Not only do we have two government-sponsored companies buying mortgages, along with a government agency designed to encourage higher risk lending, we also have the Federal Reserve pumping the system full of cash, both with a very low Funds rate, but also now by directly purchasing both US Treasuries and mortgage-backed securities at a combined level of $85 billion per month.

The structure of the mortgage industry – mostly assembled by government action – was thus inflated by the Fed in the last decade with low interest rates and is now being re-inflated with lower interest rates and asset purchases. Altogether, bank depositors aren’t that important in the housing market any more. So long George Bailey.

Modifications Were a Joke

Think about it this way; if a mortgage for $200,000 goes bad, and the house is only worth $100,000 at the time, then the bank, FNMA, the investors, or the FHA is likely to lose $100,000 almost instantly in the foreclosure – they lose the “asset” of the $200,000 mortgage on their books, and replace it with a $100,000 house.

Because of this, any cash they can squeeze out of a borrower before the inevitable foreclosure on these bad loans (mostly written off already by this point) would go straight to the bottom line, saving money for the banks, the investors, FNMA, or the FHA as the case may be.

HARP, or the Home Affordable Refinance Program, had more success. It was designed to help underwater borrowers refinance without having to default. This would help them take advantage of the lower interest rates, and avoid the loss of asset equity that was hitting the financial system so hard.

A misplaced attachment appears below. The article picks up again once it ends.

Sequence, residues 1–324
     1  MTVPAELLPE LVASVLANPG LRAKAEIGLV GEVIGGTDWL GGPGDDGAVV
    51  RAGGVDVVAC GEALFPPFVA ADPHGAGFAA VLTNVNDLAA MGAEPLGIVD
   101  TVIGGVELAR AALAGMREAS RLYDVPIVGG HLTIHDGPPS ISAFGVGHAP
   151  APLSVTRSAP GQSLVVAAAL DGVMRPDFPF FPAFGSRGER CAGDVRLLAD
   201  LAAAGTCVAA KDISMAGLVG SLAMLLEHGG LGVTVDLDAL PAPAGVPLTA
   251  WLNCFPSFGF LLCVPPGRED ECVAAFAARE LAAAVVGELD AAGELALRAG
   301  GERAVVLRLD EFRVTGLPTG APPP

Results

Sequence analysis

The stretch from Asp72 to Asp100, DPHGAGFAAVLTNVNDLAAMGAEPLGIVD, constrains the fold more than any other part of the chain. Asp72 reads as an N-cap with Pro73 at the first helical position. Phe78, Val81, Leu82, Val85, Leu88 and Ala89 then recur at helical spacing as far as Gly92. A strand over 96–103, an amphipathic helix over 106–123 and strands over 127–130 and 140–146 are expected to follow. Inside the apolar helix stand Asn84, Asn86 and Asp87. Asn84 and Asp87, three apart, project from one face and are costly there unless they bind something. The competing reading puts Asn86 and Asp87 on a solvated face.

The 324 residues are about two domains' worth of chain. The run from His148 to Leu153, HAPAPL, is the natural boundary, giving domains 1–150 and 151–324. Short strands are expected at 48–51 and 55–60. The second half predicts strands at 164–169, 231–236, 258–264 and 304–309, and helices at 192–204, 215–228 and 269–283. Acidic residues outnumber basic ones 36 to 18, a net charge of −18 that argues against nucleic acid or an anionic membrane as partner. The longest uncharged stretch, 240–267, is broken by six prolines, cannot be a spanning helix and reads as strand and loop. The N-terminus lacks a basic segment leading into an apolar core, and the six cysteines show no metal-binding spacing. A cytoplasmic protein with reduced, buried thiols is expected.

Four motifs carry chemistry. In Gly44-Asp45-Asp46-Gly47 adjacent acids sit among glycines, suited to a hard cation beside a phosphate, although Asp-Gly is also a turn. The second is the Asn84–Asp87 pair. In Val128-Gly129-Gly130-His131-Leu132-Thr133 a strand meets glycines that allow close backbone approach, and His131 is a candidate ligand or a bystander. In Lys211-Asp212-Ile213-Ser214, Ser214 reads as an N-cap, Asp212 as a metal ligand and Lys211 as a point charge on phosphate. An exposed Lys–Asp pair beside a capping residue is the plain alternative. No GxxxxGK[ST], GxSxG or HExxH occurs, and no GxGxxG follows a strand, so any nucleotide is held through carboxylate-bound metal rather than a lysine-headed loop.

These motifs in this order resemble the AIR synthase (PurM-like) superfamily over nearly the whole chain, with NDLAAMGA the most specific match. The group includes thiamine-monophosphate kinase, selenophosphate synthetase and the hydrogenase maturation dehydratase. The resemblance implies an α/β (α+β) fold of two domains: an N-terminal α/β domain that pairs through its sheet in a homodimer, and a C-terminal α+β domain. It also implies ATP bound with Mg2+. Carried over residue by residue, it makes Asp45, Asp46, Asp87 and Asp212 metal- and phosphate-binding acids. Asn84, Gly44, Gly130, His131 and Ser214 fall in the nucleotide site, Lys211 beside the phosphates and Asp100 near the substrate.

In Defense of Strategic Foreclosure

In almost all circumstances, borrowers would have been better off defaulting rather than modifying. Instead of paying their $200,000 mortgage on their $100,000 house at 8 percent, they could pay a modified 3 percent, but still would have to throw money into the black hole without acquiring any equity from it.

I had a case like that; it was a couple in their mid-fifties, with no savings left, and their modified mortgage payment was still about $1,300 a month. This, in southern Iowa where a 2-bedroom apartment can be had for $600 a month. That was $8,400 a year they could have saved in cold, hard cash, to use to begin rebuilding their lives and avoid living so tenuously – especially at their age.

When you are under that much financial strain, guilt and sentimentality will do no good for anybody. If you are broke, admit it. If – or more likely when – they default again, with no cash reserves they are very likely to fall permanently into the dependent classes, in terms of housing, food, income support, and medical care.

Debt, on Top of Debt

That sums up the American economy in the words of David Stockman, and I see no reason to doubt him at this point. The idea that we don’t have to manufacture, mine, drill, or grow more in order to produce more wealth, but can simply purchase more assets with borrowed money, is a dangerous mindset that cannot last forever, a lesson we should have learned in 2008 but apparently haven’t.

If you think this is a glorious recovery, then answer me this: Where is all the wealth being produced by our allegedly recovering economy? The prices of inflation-sensitive assets are going up, but so are trade deficits, food stamp rolls, and the number of people outside of the workforce entirely. I think I am currently a “freelancer,” but that is just a white-collar unemployed guy.

This former foreclosure lawyer is more likely to live in a shack and raise goats than buy a mortgaged suburban house, because debt and freedom cannot harmoniously coexist. Maybe we should pay members of Congress in goats instead of money…

About the Author

Mr. Waechter is an attorney and a recent graduate of Drake University.